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One of our greater Christian misconceptions is what to think about a disciplined friend — a friend who has been denied association with the rest of the Christian family.

What is the most loving and compassionate course of action when something like this happens? Samuel, the prophet of God, was soundly reproved by God for his wrong response in a similar situation.

God had directed Samuel to anoint a king over his rebellious people. They wanted to be like the other nations. They wanted security. They looked to Samuel to lead them in religious matters, but they also wanted a leader for battle. So they asked Samuel to appoint a king.

God led Samuel to Saul. Saul was a logical choice for a leader: “an impressive young man without equal among the Israelites — a head taller than any of the others” (I Samuel 9:1). Samuel’s heart must have gone out to Saul as he anointed him with oil, gave him a kiss, and commissioned him as the leader of God’s people (I Siunud 10:1).

Samuel loved Saul and prayed for him daily (I Samuel 12:23). His love and concern must have increased daily. The young man he had anointed was faced with the most difficult job since Joshua had led the Jews to the promised land generations earlier.

But shortly after Samuel anointed Saul, Saul began to encounter problems. He started to become proud. His first major battle with the Philistines was a disaster. Saul won the war, but rebelled against God. An all-too-familiar pattern was starting to develop. Saul was becoming arrogant and selfishly ambitious; it was beginning to consume him and his people.

Finally the Lord rejected Saul as king and commanded Samuel to anoint a new king. Samuel was troubled for Saul and cried out to the Lord all night (I Samuel 15:10). He was faced with one of the hardest decisions of his life. To obey God might cost him his reputation, if not his very life (I Samuel 16:2). He had everything to lose and little to gain. Would this new king fail and break his heart again? Would Saul kill him? Would the people accuse him of disloyalty and vacillation? Would they reject him as prophet? Samuel hesitated, and pondered his decision (I Samuel 16). His response would determine the history of his nation.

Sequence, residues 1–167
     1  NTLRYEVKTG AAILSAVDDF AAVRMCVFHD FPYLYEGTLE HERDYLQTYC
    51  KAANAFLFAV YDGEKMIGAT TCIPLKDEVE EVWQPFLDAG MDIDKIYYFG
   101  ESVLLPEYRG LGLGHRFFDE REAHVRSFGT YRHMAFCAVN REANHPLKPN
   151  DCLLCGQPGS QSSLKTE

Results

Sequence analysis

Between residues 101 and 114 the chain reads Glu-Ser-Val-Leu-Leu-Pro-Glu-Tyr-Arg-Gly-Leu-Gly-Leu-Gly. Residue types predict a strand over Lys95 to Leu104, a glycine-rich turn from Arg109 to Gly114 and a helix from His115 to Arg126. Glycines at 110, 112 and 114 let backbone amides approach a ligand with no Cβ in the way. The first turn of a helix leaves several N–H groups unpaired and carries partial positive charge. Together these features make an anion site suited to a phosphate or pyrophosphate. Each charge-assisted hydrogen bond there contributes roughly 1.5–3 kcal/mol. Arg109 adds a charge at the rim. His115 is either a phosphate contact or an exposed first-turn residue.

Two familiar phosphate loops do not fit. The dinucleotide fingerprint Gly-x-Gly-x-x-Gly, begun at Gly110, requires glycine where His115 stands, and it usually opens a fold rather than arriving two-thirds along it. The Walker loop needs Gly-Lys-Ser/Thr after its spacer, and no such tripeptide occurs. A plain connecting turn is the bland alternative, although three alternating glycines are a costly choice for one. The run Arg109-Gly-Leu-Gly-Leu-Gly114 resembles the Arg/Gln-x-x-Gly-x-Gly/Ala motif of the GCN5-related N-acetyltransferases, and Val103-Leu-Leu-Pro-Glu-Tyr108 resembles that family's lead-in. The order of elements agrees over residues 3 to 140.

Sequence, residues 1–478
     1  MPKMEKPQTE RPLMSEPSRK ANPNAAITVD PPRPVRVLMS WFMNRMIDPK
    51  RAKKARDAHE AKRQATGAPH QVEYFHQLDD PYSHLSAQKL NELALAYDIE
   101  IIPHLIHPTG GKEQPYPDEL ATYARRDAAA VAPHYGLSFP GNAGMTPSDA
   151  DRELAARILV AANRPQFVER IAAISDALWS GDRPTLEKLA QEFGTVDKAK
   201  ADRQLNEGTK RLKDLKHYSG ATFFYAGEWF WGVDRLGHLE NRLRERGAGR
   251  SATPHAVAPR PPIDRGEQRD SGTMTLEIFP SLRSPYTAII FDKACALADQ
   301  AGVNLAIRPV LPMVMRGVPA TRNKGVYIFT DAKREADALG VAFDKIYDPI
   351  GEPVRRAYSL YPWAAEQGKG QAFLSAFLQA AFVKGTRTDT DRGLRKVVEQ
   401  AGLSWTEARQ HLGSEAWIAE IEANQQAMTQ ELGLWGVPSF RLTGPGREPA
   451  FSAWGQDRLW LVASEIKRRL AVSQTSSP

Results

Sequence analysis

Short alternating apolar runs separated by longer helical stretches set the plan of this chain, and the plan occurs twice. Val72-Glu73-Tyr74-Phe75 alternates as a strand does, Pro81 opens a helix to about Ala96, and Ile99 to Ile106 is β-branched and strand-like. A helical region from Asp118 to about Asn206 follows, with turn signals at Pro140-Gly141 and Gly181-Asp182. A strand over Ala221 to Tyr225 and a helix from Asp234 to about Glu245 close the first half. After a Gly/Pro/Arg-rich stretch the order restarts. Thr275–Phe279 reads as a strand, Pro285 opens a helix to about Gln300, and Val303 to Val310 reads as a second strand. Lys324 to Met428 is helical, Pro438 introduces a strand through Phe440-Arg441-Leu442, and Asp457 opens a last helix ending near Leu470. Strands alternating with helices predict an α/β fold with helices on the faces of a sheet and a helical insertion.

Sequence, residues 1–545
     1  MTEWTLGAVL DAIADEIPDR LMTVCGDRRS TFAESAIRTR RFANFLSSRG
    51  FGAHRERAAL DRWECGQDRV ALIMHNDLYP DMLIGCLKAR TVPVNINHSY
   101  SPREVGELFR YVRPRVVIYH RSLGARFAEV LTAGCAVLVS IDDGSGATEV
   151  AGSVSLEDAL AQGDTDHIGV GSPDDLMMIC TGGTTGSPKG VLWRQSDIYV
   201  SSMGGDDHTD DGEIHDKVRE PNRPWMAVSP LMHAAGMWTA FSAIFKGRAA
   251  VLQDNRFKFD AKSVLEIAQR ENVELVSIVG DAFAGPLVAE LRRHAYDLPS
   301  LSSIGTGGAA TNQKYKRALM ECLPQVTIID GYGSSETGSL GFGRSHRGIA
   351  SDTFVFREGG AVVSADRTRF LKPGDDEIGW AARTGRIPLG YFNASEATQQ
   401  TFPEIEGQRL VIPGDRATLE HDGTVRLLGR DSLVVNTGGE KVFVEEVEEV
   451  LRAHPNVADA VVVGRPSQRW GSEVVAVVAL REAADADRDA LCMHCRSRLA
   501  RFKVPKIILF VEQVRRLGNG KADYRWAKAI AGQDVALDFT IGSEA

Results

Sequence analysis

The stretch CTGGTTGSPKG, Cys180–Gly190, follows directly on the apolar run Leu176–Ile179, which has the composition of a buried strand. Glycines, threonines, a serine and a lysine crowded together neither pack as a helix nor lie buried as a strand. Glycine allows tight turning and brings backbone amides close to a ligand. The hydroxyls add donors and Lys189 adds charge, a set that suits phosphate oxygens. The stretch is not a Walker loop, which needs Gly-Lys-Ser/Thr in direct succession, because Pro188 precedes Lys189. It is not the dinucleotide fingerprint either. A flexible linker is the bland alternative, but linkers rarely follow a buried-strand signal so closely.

Then the Lord reproved Samuel: “How long will you grieve over Saul, since I have rejected him from being king over Israel?” (I Samuel 16:2). This verse has had a profound impact on my life. In a circumstance that should, humanly speaking, produce grief and sorrow, God commanded Samuel not to grieve. Samuel was to rule his emotions. The Lord had rejected Saul as king and so must he. He was to move on in obedience to God with joy and determination.

Our natural man rebels at the thought that the execution of justice can bring joy and not grief. Our world balks at the Bible’s standard of discipline. But Psalm 101:3 says we must hate the work of those who fall away. The alternative to hating evil works is to be affected by them. The verse goes on to say, “it will not fasten its grip on me.” If we don’t hate evil deeds, they will grip us and imprison us. If we continue to grieve over a disciplined individual instead of abhorring his evil deeds, our lives will be sidetracked — maybe only briefly, but sometimes permanently.

Our hope must be grounded in God’s word. His ways are kind and loving, His path is peace. We must rejoice not only in Him but in His ways. They are above our ways and they are perfect.

In a situation like this we must forget what lies behind and press forward to what lies ahead (Philippians 3:13). When Samuel went on, God blessed. If he would have remained static or even sided with Saul, it would have been disastrous. Samuel’s obedience resulted in blessing for himself, Israel, and ultimately the whole world. David was to be king and his line was to produce Jesus.

Never grieve over the direction of God. The blessing of the Lord makes rich and He adds no sorrow to it (Proverbs 10:22). Vacillation, unnecessary grief and hesitation will bring disaster.

Tom Schroeder is director of publications for Great Commission International. Tom lives in Wheaton, Md., with his wife Beverly and their four children.

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